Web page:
Thursday, July 17, 2014
Corporate management (banks, utilities, cable) doesn't think through customer service problems in advance very well
Well, some more gripes about customer service.
Last December, the Bank of America moved a couple block in the Ballston area of Arlington, saying it was forced out by a landlord. Consumers had to close safety deposit box accounts, and that defeats the purpose of having them. What’s ironic s that the original space remains unleased.
Then, the bank put only one ATM inside (secured entrance) and two outside. Now the new landlord does construction on the outside of the building, making two of the three unreachable. I was chased away this morning, but fortunately the one remaining one was free. Why didn’t the bank anticipate this problem by placing more terminals inside? That sounds like a security issue.
Think about something else. Some convenience stores have trouble checking out consumers buying lottery tickets or using food stamps, forcing those behind them to wait. If you think about it, that can present a security risk to consumers in the store.
More customer service issues: Metro in Washington constantly sees escalators fail, and take a long time to be repaired. There are many delays and mishaps, resulting in single-tracking and delays. In New York City, on the other hand, there are rarely any delays. Of course, the NYC transit may be more vulnerable to strikes.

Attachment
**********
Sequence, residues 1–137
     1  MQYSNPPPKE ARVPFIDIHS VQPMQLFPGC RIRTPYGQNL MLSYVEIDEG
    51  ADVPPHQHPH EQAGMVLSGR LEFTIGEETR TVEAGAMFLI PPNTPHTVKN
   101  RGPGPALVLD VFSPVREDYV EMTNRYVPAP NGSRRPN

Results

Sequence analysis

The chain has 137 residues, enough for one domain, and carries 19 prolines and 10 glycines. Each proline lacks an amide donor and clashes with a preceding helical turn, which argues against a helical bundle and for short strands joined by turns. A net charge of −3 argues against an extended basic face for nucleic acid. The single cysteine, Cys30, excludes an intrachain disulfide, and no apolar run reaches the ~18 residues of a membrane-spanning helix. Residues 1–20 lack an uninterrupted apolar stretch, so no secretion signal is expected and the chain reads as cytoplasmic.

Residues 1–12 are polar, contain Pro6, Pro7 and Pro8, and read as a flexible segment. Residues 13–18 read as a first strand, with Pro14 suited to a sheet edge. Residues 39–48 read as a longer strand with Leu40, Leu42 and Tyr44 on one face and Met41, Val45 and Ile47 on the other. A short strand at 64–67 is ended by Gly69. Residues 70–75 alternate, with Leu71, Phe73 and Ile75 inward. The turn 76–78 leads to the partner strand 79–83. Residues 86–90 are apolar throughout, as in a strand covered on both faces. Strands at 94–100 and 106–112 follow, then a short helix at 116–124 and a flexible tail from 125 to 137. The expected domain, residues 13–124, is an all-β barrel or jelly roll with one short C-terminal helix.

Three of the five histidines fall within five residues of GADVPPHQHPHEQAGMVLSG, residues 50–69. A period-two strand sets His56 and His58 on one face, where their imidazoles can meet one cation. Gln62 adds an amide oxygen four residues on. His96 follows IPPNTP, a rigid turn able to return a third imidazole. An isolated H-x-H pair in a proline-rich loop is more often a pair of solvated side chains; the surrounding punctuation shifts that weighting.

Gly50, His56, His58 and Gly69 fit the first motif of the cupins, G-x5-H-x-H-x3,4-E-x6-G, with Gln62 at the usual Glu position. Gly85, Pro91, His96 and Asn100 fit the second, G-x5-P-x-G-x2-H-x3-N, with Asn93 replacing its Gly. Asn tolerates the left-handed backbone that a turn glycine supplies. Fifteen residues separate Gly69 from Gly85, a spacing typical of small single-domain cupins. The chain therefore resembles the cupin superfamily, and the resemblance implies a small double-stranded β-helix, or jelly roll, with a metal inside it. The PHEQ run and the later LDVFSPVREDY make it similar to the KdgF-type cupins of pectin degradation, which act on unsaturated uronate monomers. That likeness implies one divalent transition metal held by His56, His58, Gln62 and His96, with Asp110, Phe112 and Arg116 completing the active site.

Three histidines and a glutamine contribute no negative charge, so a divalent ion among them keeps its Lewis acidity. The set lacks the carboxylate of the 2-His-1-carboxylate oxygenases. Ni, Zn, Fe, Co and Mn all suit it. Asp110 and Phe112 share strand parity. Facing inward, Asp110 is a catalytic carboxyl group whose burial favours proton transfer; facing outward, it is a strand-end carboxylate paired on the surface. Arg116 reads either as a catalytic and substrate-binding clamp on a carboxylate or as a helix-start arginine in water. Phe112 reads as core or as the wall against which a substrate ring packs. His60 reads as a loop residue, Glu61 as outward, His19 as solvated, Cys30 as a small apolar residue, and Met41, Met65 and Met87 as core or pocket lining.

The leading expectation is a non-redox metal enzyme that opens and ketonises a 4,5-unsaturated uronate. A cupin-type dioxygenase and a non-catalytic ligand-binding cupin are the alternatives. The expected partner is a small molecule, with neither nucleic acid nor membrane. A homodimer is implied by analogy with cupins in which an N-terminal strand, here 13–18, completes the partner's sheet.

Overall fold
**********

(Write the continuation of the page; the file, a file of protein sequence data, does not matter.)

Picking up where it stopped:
Amtrak service has not been as reliable in recent years as it used to be, with many trains delayed because of power failures, even in relatively stable weather (particularly between Baltimore and Wilmington). In two of my last three trips to NYC there have occurred delays of at least thirty minutes. That’s not good when you hold prepaid tickets in the city.
Electricity from Dominion Power in northern Virginia has been more stable in the past three years or so. (The repair after the 2012 derecho took three days for me, and it’s a good thing I have the generator.) But from about 2003 to 2009, there were lots of disruptions. Before that (in a neighborhood in which I grew up) power failures were rare despite frequent heavy thunderstorms and heavy snows in winter. Reason: trees do get old and weaker, but the power company went through expansion with new customers without really caring for the system. Pepco has had worse problems.
Comcast Xinifity has been pretty stable in the past three years, except for one software change in May that caused a complete failure of the cable (not the Internet), replacing a service visit and an amplifier replacement down the street. But for about three years (2006-2009 or so) there were frequent stops and slowdowns during the day.
When you retire, you expect the services you “pay for” to work and provide security. But there is a labor issue, and an “idle rich” problem, perhaps. Best source of stable jobs: investment in infrastructure. The Democrats are right about that.